Longtime MLS leader 'still passionate,' sees big changes ahead
Stellar MLS CEO Merri Jo Cowen reflects on 40 years in the industry, what consumers don’t know about MLSs, and the need for a thoughtful approach to AI.
- Cowen has led the third-largest MLS in the country for 15 years and made a big jump in the SP 200 rankings for 2024.
- As an industry veteran, Cowen can see changes coming — and much of it may be spurred by the commission lawsuits.
- Her biggest concern? The lack of understanding about how MLSs help homebuyers and sellers.
When Merri Jo Cowen took a job doing data entry for a Multiple Listing Service 40 years ago, she never imagined she would eventually become a CEO — much less a recognized industry leader.
"When you're five years old and your mom asks what you want to be… no one says they want to be a CEO for an MLS," Cowen said with a chuckle. "But having a career this long is based on still being passionate about this. I think that passion and growing future leaders as well as working closely with your volunteers helps your organization grow."
Cowen, CEO of Stellar MLS in Florida, recently celebrated her 15th year leading the organization. And in January, she was recognized as one of the industry's most influential leaders, rising 34 spots in the 2024 Swanepoel Power 200 to No. 52.
With the unexpected resignation of former NAR President Tracy Kasper, that also makes Cowen the highest-ranking active female MLS or association leader on this year's list.
"It's very humbling, and I'm just really honored," Cowen said.
The recognition comes at a time of change for multiple listings services, as MLS organizations tackle topics ranging from consolidation to technology to the buyer agent commission lawsuits. Cowen spoke with Real Estate News about her years in the industry — and where she sees it going.
Commission lawsuits underscore the importance of showing value
From the beginning, Cowen said her biggest concern with the buyer agent commission lawsuits was the lack of consumer understanding about organized real estate. Fundamentally, she said, the juries, judges and attorneys involved in the cases haven't grasped the value MLSs provide when it comes to accurate listing data.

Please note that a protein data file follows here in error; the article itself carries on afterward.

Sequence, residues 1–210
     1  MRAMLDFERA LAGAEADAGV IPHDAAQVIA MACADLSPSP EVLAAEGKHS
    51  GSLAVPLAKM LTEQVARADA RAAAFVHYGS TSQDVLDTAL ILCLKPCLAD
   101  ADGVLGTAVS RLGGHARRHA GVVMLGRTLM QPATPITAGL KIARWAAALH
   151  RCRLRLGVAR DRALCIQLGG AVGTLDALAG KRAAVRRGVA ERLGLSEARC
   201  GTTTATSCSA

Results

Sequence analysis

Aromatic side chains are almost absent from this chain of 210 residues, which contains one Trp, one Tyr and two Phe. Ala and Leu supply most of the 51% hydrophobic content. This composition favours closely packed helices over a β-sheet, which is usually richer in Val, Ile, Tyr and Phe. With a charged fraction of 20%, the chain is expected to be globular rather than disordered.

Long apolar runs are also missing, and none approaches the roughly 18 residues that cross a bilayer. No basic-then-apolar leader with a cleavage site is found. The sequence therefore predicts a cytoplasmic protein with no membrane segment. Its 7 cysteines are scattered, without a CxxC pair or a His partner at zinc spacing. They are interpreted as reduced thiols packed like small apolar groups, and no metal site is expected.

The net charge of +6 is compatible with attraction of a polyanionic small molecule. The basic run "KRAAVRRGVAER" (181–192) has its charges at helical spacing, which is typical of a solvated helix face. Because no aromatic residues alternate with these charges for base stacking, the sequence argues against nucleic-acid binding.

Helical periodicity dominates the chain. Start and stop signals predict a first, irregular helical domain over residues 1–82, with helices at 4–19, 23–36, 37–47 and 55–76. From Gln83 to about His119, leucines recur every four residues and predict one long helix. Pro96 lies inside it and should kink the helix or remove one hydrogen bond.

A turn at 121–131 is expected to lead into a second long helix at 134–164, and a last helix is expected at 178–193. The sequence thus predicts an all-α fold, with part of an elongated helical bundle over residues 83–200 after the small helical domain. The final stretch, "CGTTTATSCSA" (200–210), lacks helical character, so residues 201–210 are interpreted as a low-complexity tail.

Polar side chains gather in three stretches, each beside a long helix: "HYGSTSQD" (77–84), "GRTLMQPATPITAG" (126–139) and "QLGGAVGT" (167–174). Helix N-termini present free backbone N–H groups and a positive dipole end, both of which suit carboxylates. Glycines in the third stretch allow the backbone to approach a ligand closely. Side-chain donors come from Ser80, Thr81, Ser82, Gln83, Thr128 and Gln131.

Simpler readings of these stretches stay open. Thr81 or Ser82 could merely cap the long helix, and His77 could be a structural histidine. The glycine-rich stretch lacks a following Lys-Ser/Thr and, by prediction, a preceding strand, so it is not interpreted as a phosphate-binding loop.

As CEO of the third-largest MLS in the country, one of Cowen's main goals for Stellar is to find ways to communicate the value of the organization and its customers: agents and brokers.
While still in the early stages, Cowen is looking into building a consumer-facing portal similar to what the Houston Association of Realtors has developed. It wouldn't compete with national home search portals like Zillow, but Stellar is assessing whether it could be helpful on a local level.
"That's a big one for us. How do we demonstrate our value and give our brokers the confidence to say, 'Here's a part of my value proposition because I'm part of the MLS, and I have access to all this great data,'" Cowen said.
Taking a rigorous approach to AI
Over the past year, Cowen has shared her thoughts about the big changes coming in the industry through technology. That includes Artificial Intelligence, which is transforming real estate along with many other industries.
Cowen said the leadership team at Stellar is looking at various AI-powered tools, but they want to evaluate the options carefully rather than jump on the latest product and risk damaging their ability to provide accurate information.
"I think it's a year or two away," Cowen said, noting that some AI tools, such as those that analyze photos or fill in listing fields, could mature more quickly.
Embracing leadership opportunities
Looking back over her career, Cowen said she's benefited from being in the right place at the right time — and from being seen as someone with knowledge and expertise, which motivated others to give her a chance. Those factors, she said, helped elevate her into leadership positions.
"I have never felt that I had missed out on opportunities because I'm a woman in this industry," Cowen said, noting that both her male and female peers have always been respectful to her. "I've never felt like I was 'less than' because I was a woman."